billing; admission, discharge, and transfer; and scheduling and pharmacy
applications in each of our 32 hospitals. Now, we are in the midst of an
aggressive deployment schedule of bedside documentation and
computerized physician order entry (CPOE). As of today, we have 15 of
our 32 hospitals fully deployed and will have 25 completed by the end of
At Kaiser Permanente, we are already realizing the value of health
IT. With secure 24/7 access to comprehensive health information, our
care teams are able to coordinate care at every point of service –
physician’s office, laboratory, pharmacy, hospital, on the phone, and even
online. Our early results demonstrate that health IT, as the Institute of
Medicine’s Crossing the Quality Chasm report predicted, helps to make
care safe, effective, patient-centered, timely, efficient, and equitable. 8
To provide a few examples:
• Our use of IT and our comprehensive approach (partnership of
primary care providers, cardiologists, nurses and pharmacists with
accountability across the continuum of care – preventive, chronic,
and acute) have significantly reduced emergency department visits
• In Colorado, we’ve seen a 60 percent reduction in cardiac mortality
versus historical KP data. Based on NCQA data as compared to the
national HMO average, we prevent more than 280 cardiac events
annually in Colorado and realize $2 million in hospital savings. 9
• In Northern California, Kaiser Permanente patients have a 30
percent lower chance of dying of heart failure than members of the
general population. The cost of heart disease and stroke in the
United States is estimated at $450 billion in 2008, including direct
medical costs and lost productivity from death and disability. 10
Improving the management of just this one chronic condition, we
have the opportunity to make a real dent in quality, efficiency and
• In Oregon and Washington, using KP HealthConnect™ in a new
Regional Telephonic Medicine Center staffed with emergency room
physicians and advice nurses, has led to an 11 percent reduction in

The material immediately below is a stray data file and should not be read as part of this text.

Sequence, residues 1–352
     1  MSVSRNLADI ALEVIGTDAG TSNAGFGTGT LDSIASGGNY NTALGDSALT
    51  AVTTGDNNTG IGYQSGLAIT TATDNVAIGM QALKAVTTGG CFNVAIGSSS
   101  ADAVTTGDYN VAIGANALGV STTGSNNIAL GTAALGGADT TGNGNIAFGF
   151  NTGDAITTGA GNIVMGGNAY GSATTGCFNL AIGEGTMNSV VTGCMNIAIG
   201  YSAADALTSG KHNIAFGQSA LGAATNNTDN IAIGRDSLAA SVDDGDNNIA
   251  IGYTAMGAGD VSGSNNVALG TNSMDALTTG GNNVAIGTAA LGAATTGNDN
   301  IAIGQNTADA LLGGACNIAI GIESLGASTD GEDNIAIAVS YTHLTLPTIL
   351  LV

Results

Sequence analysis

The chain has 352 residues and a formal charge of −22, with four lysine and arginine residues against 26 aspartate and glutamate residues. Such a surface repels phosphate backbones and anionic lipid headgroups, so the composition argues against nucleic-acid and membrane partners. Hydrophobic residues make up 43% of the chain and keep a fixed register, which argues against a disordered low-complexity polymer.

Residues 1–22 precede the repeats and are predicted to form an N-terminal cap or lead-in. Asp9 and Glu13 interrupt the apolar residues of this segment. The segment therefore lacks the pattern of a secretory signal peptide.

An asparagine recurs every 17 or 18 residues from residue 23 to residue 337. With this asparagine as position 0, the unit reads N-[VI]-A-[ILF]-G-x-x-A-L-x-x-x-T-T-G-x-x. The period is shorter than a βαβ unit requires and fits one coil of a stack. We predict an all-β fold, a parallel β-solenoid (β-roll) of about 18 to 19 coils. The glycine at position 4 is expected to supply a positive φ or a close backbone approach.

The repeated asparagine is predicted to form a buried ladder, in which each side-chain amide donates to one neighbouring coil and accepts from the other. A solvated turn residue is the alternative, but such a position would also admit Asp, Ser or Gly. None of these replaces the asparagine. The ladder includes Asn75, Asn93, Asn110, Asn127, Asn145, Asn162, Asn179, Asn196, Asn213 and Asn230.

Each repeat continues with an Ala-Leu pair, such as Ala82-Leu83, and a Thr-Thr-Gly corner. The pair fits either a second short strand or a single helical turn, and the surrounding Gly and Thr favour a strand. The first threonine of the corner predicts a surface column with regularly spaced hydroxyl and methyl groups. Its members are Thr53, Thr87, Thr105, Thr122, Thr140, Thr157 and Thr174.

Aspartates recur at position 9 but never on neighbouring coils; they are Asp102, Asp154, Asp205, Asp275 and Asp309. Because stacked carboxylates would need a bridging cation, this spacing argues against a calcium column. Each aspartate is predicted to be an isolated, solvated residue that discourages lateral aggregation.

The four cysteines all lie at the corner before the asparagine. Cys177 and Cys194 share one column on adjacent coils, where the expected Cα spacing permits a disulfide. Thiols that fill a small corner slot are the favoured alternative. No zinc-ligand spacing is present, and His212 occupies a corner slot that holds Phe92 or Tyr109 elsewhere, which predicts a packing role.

the number of members who need to visit the emergency room
between the hours of 12 noon and 10 p.m.
• In Southern California from 2004 to 2007, combining the power of
our IT systems and our integrated delivery model, we were able to
increase mammography screening rates from 80 percent to nearly
90 percent in female members aged 50-69.
This last example was highlighted for me by a recent letter from a
member that puts a human face on these statistics.
Early last year, I came to your facility to have a foreign body
removed from my eye. I visited your Ophthalmology Department
and your competent staff dealt with this minor emergency.
What made this visit so meaningful was my interaction with your
nurse after my visit with the doctor. In addition to giving me some
after visit instructions, she noticed in the computer that I needed a
mammography exam. I had been reminded before but I tend to be
too busy to take care of my own health. This time the nurse was
very insistent. She even made me an appointment so I could walk in
and get the exam within the hour. Since I did not have to wait too
long, I had the exam done that day. Well, they found a mass in my
right breast and it was cancer. I have gone through chemotherapy
and radiation therapy and today I am cancer free.
I am convinced that I am alive today because of your organization’s
focus on my total health. My interaction with your entire health care
system has been nothing but positive. I am especially appreciative
to the young nurse who took the time to convince a stubborn old
lady to take responsibility for my health.
Thank you for giving me many more years to thrive.
This letter describes a simple act by one of our nurses, but it was
possible only because the nurse had access to that information, acted on
it, and was part of an integrated health care system that encourages this
series of events.
KP HealthConnect™ also allows us to share content across all of our
regional facilities, providing the technical platform to provide drug
formulary changes, best practice alerts and automated clinical guidelines